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Poe and the Tell Tale Heart

In: English and Literature

Submitted By deadbysunrise14
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Edgar Allen-Poe, born 1809 died 1849, is widely acclaimed as one of the first and greatest gothic writers. His output mostly consisted of short stories and poems for various American magazines in the 1840s. During his lifetime, he achieved fame and recognition however he lived a life of poverty. An alcoholic and an opium taker, his stories often display a surreal or dreamlike style. The world which Poe would have known was more superstitious and dangerous than what we know today. For example, in the 19th century having a coma could be mistaken for death, as a result, it was not uncommon to be buried alive, Poe included live burial in many of his works – to exploit public fears. One of the main assets of his work however is his ability to build intense suspense. By using a variety of techniques Poe was able to create tension and mystery in his (short) stories:
Poe employs excessively detailed descriptions and repetition to delay the reader’s arrival at the final climax; Poe does this because he wanted to give time for the suspense to build up before arrival at the inevitably blood-curdling climax. For example, In tell-tale heart before the murderer kills the old man there is a substantial amount of repetition and more complex sentences : ” cautiously -- oh, so cautiously -- cautiously (for the hinges creaked), I undid it just so much that a single thin ray fell upon the vulture eye.” As a result of this delay, the reader becomes even more inquisitive over what events will happen next.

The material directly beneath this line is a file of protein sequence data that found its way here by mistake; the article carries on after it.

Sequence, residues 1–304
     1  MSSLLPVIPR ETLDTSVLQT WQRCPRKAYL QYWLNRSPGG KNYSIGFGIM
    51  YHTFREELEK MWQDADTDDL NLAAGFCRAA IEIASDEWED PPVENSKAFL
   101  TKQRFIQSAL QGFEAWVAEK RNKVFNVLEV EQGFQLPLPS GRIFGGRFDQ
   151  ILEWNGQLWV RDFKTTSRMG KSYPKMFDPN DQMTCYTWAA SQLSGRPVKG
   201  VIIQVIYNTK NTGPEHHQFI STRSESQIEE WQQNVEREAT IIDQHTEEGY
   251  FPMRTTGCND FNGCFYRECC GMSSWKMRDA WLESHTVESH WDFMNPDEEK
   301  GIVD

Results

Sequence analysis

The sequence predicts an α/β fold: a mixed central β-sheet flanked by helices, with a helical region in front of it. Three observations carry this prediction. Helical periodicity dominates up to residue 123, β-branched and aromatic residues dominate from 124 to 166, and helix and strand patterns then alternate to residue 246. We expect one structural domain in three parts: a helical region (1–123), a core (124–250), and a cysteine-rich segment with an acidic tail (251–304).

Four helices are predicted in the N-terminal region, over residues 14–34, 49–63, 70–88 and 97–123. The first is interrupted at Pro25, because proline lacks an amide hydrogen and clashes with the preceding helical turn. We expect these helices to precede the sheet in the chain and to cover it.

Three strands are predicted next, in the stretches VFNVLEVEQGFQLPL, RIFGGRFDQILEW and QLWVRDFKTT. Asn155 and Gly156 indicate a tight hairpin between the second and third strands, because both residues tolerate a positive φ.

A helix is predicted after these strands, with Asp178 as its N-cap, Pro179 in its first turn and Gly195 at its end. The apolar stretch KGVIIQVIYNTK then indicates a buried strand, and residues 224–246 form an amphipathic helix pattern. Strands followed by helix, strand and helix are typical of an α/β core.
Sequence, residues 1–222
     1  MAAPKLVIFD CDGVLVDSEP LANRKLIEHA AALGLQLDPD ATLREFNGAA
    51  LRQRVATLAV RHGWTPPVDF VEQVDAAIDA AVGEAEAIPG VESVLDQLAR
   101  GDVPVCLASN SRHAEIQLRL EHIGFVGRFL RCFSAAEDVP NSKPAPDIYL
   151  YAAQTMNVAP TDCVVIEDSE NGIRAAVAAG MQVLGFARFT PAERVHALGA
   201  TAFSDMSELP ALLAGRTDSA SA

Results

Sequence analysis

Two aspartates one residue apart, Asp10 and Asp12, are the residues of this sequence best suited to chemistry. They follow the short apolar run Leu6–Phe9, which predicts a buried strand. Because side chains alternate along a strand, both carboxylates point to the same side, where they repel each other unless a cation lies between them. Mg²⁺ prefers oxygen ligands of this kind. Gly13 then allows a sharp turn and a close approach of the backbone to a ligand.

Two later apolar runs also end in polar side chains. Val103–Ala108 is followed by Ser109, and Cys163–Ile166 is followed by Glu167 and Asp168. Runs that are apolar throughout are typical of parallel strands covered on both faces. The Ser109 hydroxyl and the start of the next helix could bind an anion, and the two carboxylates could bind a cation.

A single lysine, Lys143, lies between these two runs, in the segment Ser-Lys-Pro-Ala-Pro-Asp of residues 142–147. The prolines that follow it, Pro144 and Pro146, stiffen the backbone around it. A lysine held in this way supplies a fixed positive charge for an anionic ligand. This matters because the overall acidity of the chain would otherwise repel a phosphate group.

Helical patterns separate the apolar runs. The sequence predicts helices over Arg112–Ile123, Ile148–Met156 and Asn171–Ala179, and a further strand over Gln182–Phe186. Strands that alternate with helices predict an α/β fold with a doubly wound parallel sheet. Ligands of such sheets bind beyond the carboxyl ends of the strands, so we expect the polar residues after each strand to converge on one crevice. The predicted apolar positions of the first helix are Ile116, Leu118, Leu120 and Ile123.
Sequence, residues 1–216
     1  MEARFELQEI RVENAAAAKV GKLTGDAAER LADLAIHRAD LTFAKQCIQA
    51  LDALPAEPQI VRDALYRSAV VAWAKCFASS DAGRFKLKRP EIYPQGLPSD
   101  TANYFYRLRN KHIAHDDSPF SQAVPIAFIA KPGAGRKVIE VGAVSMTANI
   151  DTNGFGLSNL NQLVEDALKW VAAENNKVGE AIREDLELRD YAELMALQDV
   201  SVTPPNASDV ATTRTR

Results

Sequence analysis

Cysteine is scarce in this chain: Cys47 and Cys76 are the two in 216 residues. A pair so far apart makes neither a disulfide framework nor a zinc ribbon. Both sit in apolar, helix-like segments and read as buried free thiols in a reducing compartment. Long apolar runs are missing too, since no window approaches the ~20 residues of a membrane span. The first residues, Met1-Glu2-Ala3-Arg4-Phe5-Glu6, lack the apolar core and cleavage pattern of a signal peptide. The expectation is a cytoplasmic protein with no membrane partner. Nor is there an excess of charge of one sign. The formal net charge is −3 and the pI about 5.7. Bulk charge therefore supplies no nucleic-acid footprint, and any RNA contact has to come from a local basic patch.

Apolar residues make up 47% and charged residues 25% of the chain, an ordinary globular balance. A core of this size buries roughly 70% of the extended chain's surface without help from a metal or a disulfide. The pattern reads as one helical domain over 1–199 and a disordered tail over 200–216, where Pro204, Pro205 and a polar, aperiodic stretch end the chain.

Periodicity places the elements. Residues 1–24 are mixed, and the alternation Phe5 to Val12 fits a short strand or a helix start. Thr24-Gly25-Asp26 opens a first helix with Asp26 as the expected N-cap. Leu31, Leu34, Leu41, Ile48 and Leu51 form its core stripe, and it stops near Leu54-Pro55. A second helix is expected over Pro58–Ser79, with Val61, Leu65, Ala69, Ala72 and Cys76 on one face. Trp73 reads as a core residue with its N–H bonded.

The narrator’s use of unnatural language hints at the abnormal mental state of the narrator: He describes the old man’s eye as ‘Evil’ or ’Damned’- damned in this case meaning satanic or cursed. The reader, therefore, has cause to doubt the sanity of the narrator and therefore, what he is going to do. Furthermore the narrator in TTH enjoys recounting, in gruesome detail, and is...

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